by Msgr. Joseph Calise
I was ordained a deacon 33 years ago by His Eminence Laurence Cardinal Sheehan in the Chapel of the Immaculate Conception at the North American College in Rome. It was coincidentally the Thursday before the Solemnity of the Most Holy Trinity which meant that the mystery we celebrate today was the topic of the first official homily I was to deliver.
My audience was intimidating. First of all, I was to preach on a ward at Bambino Gesu Hospital, the children’s hospital next door to the college where I visited regularly as an apostolic service. I was to preach for the resident children, the staff of religious Sisters and others from the North American College who also performed apostolic service with the children.
However, there was also another guest – my mother, who brought along assorted family from Rome. Mom had flown in for the ordination and stayed a few extra days. Of course, I was happy she could be there. In fact, her presence became the inspiration for my homily.
After introducing her to the others present, I mentioned how happy I was that she could be there for such an important moment. Although I knew she would be with me in spirit wherever she was, her physical presence – knowing that she cared enough to make that trip – meant a lot to me. I explained to the children that the reason her being there was important is that I was confident she loved me even when she could not be with me. If I did not believe she loved me, I would not have cared whether or not she was there. I also had to acknowledge the fact that I knew she would soon be returning home. I showed the kids a picture of her that I kept in my room at the college and explained that the picture is a reminder of her presence in my life and that every time I looked at it, I would be able to remember how much her time with me meant.
Hoping the children, in particular, would understand the analogy, I compared her presence in my life to the Trinity. I explained how God has loved us from the moment of creation and that, because of that love, He made Himself visible at a specific moment in history when we needed to be aware of His love and presence. The Spirit, as the Gospel tells us, was given so that we would know He is with us always, even till the end of time. The Spirit, just like mom’s picture, reminds us that He is never far away.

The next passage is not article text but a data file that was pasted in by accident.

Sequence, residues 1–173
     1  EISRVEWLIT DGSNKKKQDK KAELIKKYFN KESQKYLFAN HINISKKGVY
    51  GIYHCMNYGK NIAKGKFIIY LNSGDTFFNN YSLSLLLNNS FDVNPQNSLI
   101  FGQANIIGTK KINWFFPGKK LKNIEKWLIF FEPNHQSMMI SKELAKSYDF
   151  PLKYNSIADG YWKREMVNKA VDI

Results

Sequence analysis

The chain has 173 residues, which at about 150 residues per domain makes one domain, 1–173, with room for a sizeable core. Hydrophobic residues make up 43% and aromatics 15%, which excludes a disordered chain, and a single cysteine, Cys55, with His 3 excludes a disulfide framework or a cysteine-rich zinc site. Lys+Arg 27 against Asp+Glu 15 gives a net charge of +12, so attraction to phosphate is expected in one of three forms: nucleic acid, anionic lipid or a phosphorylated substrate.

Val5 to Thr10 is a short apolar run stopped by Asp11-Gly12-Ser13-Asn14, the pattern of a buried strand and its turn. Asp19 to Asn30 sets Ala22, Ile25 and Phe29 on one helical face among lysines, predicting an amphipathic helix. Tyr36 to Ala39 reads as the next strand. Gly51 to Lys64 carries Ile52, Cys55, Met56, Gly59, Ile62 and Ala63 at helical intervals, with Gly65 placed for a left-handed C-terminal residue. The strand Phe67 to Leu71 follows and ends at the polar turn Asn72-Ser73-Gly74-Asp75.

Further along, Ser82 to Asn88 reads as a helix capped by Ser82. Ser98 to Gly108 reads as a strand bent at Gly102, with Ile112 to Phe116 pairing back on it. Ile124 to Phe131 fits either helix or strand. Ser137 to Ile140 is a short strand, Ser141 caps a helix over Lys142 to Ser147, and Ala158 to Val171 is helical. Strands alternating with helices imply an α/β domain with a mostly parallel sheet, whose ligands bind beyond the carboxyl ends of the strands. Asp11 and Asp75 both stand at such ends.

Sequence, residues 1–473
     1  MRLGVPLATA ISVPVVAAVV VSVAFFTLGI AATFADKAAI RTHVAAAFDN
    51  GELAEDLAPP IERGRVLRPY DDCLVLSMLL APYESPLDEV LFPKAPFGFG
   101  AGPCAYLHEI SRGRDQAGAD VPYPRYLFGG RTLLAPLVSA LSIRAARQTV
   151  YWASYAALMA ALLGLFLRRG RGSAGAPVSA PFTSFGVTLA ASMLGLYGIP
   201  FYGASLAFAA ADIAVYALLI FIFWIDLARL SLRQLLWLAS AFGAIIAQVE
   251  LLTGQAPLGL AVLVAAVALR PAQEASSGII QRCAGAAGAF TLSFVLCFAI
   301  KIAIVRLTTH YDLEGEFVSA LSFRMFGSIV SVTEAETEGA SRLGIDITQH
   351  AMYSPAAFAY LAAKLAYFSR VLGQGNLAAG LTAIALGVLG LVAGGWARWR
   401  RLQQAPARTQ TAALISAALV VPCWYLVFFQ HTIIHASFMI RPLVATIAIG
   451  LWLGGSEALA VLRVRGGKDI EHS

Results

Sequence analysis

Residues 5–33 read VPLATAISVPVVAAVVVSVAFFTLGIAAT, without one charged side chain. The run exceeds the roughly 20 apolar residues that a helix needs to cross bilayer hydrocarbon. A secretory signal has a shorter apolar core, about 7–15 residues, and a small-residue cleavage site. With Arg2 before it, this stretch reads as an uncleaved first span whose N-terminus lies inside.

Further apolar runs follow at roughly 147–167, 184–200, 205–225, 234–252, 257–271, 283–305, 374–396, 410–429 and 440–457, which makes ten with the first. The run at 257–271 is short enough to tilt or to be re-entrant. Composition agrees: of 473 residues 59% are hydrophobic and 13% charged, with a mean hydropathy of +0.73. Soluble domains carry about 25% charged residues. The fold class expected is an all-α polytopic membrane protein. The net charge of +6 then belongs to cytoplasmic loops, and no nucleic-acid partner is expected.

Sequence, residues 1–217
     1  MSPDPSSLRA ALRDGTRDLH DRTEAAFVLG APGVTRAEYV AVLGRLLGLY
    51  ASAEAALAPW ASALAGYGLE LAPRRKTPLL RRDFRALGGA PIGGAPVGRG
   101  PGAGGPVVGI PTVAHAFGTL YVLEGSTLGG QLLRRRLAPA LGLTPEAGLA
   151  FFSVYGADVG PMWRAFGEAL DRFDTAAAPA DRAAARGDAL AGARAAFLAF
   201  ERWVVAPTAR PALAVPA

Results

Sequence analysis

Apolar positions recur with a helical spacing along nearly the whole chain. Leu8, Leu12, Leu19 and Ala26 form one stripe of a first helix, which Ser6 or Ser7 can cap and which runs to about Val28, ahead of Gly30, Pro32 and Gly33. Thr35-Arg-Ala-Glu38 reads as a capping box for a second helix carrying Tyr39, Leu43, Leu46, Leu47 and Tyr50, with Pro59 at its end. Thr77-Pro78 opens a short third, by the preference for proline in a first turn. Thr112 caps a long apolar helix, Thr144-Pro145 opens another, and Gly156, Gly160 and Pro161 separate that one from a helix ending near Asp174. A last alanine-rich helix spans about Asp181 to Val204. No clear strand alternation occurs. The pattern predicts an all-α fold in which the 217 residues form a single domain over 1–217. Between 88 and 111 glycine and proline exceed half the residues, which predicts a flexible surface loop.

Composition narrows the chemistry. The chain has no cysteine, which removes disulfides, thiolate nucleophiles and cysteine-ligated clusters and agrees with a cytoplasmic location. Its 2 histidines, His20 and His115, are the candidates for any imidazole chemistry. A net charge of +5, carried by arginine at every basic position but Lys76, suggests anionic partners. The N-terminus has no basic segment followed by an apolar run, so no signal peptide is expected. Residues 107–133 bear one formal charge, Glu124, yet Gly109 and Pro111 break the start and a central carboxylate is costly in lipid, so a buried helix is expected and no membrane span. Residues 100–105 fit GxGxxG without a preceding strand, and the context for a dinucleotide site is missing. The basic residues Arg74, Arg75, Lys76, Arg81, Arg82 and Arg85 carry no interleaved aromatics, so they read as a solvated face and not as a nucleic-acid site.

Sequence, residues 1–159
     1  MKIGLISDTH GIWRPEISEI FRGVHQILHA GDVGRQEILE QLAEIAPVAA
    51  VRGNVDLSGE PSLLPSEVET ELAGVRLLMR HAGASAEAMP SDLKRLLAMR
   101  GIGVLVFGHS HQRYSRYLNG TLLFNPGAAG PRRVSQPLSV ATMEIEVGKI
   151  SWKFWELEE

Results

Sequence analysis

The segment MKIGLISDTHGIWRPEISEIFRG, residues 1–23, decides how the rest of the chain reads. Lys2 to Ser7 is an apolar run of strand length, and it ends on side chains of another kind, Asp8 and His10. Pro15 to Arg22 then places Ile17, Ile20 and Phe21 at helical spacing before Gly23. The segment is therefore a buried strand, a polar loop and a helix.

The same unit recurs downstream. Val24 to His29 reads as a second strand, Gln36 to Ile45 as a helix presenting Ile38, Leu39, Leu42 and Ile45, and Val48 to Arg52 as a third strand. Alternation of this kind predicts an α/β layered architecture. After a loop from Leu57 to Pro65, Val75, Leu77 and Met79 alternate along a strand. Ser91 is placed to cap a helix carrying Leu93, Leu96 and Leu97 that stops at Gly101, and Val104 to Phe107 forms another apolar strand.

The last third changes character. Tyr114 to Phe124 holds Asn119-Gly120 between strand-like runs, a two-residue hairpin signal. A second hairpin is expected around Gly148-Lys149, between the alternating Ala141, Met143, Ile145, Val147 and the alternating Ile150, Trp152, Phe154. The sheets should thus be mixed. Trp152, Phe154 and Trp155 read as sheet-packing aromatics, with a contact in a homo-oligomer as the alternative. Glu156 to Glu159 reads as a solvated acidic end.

I have no doubt that there are theologians who can easily pick out the errors in my homily. Not only does every analogy have flaws but, by definition, a mystery of faith cannot be simply and completely explained without some ascent in faith. St. Patrick used the shamrock to explain the concept of three-in-one but that makes it hard to see the distinctness of each Person. Even the analogy to a triangle (the three sides exist independently but only form a triangle when each is in place) makes some sense but falls far short of being a definitive explanation of the Holy Trinity. No analogy is going to explain a mystery but can give us some insight into not only what we believe but why we believe it.
We believe in One God who, forming a perfect unity in Himself, reveals Himself to us as three distinct Persons: the Father, Son and Holy Spirit. The bond of love that is the unity of the Trinity is so perfect a love that it craves to be shared. So, God created man to have someone to love. Yet, man sinned and so proved his inability to love God in return with the same fidelity God had shown him. To call us back to love, He took upon Himself the limitations of our nature and showed us the love of which we are capable – love which conquers sin and transcends death. Finally, to be sure we would be empowered to imitate His love, He formed a Church and endowed us, all and each, with life in the Spirit, God’s enabling presence.
God is with us always because He loves us. A simple yet profound message, no matter how we try to explain it.[hr] Readings for the Feast of the Holy Trinity
Psalm 29 (UMH 761);
John 3:1-17[hr] Msgr. Calise is the pastor of Our Lady of Mount Carmel parish, Williamsburg.